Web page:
Another duo from Toshi Nakamura, this time with trumpeter Axel Dorner on the Ftarri label, wrapped up in a typically nice sleeve. Vorhernach is a million miles from iJ though. Again, my thoughts on it are here. Vorhernach seems to me to be more about the collision of two great musicians' contributions rather than the close interplay of iJ. Whilst iJ sucks the listener in, Vorhernach is a tough nut to crack, but its well worth the effort persevering. Ftarri

7. Radu Malfatti - Rain speak soft tree listens

One of the twelve CDR releases put out by Mr Malfatti during 2007. This is easily my favourite, and also somewhat ironically the most unusual of them all. A quiet, contemplative piece for string quartet, piano and massed whispered voices, I first heard Rain speak... played on the Wandelweiser radio stream and was immediately intrigued. The composition sets the slowly spoken words of a Robert Lax poem to a background of overlapping folds of dry strings, single piano notes and long silences, creating a room-filling atmosphere of eerie warmth.  B-boim

8. Klaus Lang - Missa beati paperes spiritu

More from Lang, this time his virtually ignored mass on the Col Legno label. Lang reclaims the beauty of the mass form from religion, keeping the structure of the form intact, adding modern instrumentation and slowing things down to create a richly beautiful piece of music. As with einfalt.stille, this release merits its place purely as a stunningly gorgeous thing to behold. Designed to relax the listener rather than challenge them, Lang's music succeeds in an area where most other music fails. I wrote about this one in this post.

9. Angharad Davies, Tisha Mukarji - endspace.

Another late arrival, released only in early December, but one I had been waiting for. Violinist Davies has probably been the most consistently interesting improvisor in the UK for over a year now, but has been underrepresented on disc. This album, with another remarkably talented and under-recorded young improviser Mukarji (acoustic inside piano) goes some way to fill that gap. Precise, simple chamberlike structures, all very fragile in their construction. Restrained and made up of only the essential elements, but never really disappearing into silence. This probably hasn't been heard by too many people yet, that really should change soon. Another Timbre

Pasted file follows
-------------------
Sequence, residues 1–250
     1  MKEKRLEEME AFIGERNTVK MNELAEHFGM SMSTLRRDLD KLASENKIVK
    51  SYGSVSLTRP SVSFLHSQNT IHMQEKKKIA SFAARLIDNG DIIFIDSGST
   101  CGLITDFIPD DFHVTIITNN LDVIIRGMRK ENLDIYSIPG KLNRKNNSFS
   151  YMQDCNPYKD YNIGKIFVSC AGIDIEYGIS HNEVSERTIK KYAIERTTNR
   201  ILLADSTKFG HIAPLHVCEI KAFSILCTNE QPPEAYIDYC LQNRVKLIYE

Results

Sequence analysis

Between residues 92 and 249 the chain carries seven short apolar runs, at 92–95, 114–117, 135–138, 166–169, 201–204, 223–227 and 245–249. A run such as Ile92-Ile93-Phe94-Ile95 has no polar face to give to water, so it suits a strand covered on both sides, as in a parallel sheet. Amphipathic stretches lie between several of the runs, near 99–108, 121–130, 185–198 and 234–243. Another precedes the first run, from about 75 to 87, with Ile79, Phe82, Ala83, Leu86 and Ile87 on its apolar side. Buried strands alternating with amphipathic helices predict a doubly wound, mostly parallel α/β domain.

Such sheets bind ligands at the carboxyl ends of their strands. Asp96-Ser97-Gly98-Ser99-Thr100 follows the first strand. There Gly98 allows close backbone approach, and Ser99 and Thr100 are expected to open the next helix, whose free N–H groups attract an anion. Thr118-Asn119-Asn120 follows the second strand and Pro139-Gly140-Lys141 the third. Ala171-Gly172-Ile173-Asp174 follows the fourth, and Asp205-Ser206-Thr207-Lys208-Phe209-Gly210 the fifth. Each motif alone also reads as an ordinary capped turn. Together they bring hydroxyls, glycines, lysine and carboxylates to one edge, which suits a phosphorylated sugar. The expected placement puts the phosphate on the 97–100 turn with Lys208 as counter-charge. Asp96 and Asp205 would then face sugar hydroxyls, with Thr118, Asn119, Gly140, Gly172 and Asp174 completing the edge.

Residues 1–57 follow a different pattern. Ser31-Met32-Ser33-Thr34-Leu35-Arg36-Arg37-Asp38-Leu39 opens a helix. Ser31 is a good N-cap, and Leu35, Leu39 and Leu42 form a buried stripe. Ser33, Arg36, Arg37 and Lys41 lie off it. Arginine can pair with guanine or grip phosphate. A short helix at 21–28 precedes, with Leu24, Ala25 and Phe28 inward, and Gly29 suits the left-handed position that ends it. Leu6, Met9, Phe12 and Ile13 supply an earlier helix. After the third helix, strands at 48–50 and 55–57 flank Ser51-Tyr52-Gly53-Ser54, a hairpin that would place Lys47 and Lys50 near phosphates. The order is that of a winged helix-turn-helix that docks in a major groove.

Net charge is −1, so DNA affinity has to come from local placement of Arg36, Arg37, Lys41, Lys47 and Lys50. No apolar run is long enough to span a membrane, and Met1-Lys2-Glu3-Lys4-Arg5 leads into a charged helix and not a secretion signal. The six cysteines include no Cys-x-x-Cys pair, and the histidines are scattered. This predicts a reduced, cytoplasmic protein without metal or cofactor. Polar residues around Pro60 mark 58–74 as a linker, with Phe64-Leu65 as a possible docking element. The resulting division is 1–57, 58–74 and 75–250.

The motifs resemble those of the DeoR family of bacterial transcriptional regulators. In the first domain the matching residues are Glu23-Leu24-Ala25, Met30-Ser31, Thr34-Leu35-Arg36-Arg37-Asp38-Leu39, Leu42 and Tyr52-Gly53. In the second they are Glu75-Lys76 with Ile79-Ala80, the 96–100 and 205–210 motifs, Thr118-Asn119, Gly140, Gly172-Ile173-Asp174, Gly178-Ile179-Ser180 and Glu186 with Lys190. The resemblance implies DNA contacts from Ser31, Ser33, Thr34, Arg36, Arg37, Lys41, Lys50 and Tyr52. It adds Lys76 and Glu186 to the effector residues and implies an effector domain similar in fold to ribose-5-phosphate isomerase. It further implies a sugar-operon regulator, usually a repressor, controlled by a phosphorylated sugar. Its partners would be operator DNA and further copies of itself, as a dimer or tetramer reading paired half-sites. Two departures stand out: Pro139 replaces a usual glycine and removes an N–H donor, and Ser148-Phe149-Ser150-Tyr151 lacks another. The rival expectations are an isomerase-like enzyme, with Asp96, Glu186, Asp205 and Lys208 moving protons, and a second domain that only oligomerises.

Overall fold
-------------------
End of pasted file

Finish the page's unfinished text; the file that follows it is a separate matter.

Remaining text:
10. Eric Carlsson, David Lacey, Martin Kuchen, Paul Vogel - Chipshop Music

Unsettling, muscular music from Ireland's two finest musicians in collaboration with Swedes Carlsson and Kuchen. This CD formed the soundtrack for my drive to work every day for several weeks. Engaging, demanding music with a real spark of vitality and joy at its heart. Self released by Lacey and Vogel on Homefront recordings. No website yet, drop me an email and I can put you in touch to buy a copy.

11. Mark Wastell - Come Crimson Rays

The third and final in Wastell's series of solo tam-tam releases, and easily the best of the bunch. This time a degree of silence finds its way between the swathes of agitated metal, breaking up the rolling washes of sound, leading to a solemn, haunting piece of almost ritualistic music. Late night music. Kning Disk

12. Bhob Rainey, RLW - I don't think I can see you tonight